then create top entry and Products entry:
ldapmodify -a -p $PORT -h $HOST -D "$ADMIN" -w "$PASSWD" <<EOF dn: cn=oraclecontext objectClass: top objectClass: containerdn: cn=Products,cn=oraclecontext objectClass: top objectClass: container EOF
3- Enable changelogs
DIP stores its configuration in cn=Products,cn=oracleContext.OUD uses OUD changelogs for both data anc configuration to detect changes efficiently.dsreplication enable-changelog --no-prompt --baseDN "dc=example,dc=com" --hostname "$HOST" --port $APORT --bindDN "$ADMIN" --adminPasswordFile "$PW_FILE" --trustAll dsreplication enable-changelog --no-prompt --baseDN "cn=Products,cn=oraclecontext" --hostname "$HOST" --port $APORT --bindDN "$ADMIN" --adminPasswordFile "$PW_FILE" --trustAll
4- Grant access to synchronized dataldapmodify -h localhost -p 1389 -D "$ADMIN" -w "$PASSWD" <<EOF dn: dc=example,dc=com changetype: modify add: aci aci: (target="ldap:///dc=example,dc=com")(version 3.0; acl "Entry-level DIP permissions"; allow (all,proxy) groupdn="ldap:///cn=dipadmingrp,cn=DIPadmins,cn=Directory Integration Platform,cn=Products,cn=oraclecontext"; allow (all,proxy) groupdn="ldap:///cn=odipigroup,cn=DIPadmins,cn=Directory Integration Platform,cn=Products,cn=oraclecontext"; ) - add: aci aci: (targetattr="*")(version 3.0; acl "Attribute-level DIP permissions"; allow (all,proxy) groupdn="ldap:///cn=dipadmingrp,cn=DIPadmins,cn=Directory Integration Platform,cn=Products,cn=oraclecontext"; allow (all,proxy) groupdn="ldap:///cn=odipigroup,cn=DIPadmins,cn=Directory Integration Platform,cn=Products,cn=oraclecontext";) EOF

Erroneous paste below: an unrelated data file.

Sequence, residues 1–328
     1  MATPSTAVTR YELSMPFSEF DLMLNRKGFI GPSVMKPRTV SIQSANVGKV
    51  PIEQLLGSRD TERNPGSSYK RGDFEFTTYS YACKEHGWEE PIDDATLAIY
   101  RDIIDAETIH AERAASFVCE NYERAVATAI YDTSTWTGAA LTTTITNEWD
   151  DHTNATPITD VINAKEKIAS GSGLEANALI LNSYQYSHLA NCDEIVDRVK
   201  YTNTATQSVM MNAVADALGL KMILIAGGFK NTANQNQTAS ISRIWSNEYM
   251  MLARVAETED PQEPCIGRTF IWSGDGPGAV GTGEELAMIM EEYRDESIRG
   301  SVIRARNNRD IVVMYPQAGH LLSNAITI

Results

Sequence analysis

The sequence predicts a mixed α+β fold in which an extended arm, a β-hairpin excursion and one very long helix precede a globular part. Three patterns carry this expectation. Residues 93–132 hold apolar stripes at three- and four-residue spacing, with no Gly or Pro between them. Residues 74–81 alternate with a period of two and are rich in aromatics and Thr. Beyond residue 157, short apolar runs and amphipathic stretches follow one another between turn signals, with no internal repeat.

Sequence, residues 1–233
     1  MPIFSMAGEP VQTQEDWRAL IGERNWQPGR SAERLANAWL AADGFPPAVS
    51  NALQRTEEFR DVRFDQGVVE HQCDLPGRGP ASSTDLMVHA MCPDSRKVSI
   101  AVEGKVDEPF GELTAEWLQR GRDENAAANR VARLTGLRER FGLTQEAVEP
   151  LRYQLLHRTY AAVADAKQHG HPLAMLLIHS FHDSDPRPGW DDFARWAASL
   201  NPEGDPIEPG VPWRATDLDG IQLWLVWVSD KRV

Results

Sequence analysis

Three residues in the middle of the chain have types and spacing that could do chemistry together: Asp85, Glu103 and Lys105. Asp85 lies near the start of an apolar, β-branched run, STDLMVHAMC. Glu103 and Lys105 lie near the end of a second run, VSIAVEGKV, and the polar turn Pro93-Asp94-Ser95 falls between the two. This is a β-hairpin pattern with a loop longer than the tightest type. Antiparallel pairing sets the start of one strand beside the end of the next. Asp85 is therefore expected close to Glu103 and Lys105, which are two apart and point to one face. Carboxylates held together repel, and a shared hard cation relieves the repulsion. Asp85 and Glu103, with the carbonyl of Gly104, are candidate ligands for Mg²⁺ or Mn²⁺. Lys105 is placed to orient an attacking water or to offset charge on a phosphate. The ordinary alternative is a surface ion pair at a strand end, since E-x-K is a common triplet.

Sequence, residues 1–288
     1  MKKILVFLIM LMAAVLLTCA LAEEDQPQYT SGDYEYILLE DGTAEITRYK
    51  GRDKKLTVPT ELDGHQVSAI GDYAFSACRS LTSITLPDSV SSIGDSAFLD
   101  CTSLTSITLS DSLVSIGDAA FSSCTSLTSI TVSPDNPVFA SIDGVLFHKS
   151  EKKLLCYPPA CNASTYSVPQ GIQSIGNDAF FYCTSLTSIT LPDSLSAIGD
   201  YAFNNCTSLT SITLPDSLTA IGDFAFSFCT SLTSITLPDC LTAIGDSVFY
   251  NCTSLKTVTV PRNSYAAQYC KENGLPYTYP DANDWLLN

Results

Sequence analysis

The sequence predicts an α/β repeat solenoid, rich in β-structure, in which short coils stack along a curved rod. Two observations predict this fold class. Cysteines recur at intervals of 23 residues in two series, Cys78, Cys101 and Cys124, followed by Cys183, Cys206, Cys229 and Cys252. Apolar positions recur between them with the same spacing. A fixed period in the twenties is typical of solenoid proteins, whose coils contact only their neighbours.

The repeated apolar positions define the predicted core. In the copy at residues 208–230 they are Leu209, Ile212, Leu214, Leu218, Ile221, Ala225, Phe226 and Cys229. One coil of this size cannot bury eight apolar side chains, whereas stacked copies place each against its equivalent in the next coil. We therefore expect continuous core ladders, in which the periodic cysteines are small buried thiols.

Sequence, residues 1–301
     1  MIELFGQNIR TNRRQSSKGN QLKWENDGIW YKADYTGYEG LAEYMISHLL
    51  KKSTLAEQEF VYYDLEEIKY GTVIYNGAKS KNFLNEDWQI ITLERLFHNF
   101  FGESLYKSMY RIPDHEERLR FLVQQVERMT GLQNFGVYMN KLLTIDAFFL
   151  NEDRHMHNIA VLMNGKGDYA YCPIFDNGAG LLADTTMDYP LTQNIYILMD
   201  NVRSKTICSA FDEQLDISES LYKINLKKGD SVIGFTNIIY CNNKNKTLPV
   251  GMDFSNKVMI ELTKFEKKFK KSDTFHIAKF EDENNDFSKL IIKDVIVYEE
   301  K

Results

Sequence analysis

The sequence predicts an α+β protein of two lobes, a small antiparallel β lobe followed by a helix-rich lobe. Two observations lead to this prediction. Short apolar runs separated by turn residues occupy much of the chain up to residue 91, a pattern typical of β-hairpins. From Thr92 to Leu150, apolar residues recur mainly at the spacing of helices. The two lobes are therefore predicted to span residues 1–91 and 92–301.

Note: Make sure to enable LDAPS port (LDAP over SSL) if you plan to synchronize userPassword with DIP as this is required for obvious security reasons.
5 - Install DIP
The procedure is described in http://docs.oracle.com/cd/E23943_01/install.1111/e12002/oud.htm#CHDEDHBG Make sure to Install DIP only (do not run the Configure procedure as it is OID specific)
I am Sylvain Duloutre, I work as a Software Architect in the Oracle Directory Integration Team, the customer-facing part of Directory Services & Identity Management Product Development, working on Technical Field Enablement.
The views expressed on this blog are my own and do not necessarily reflect the views of Oracle.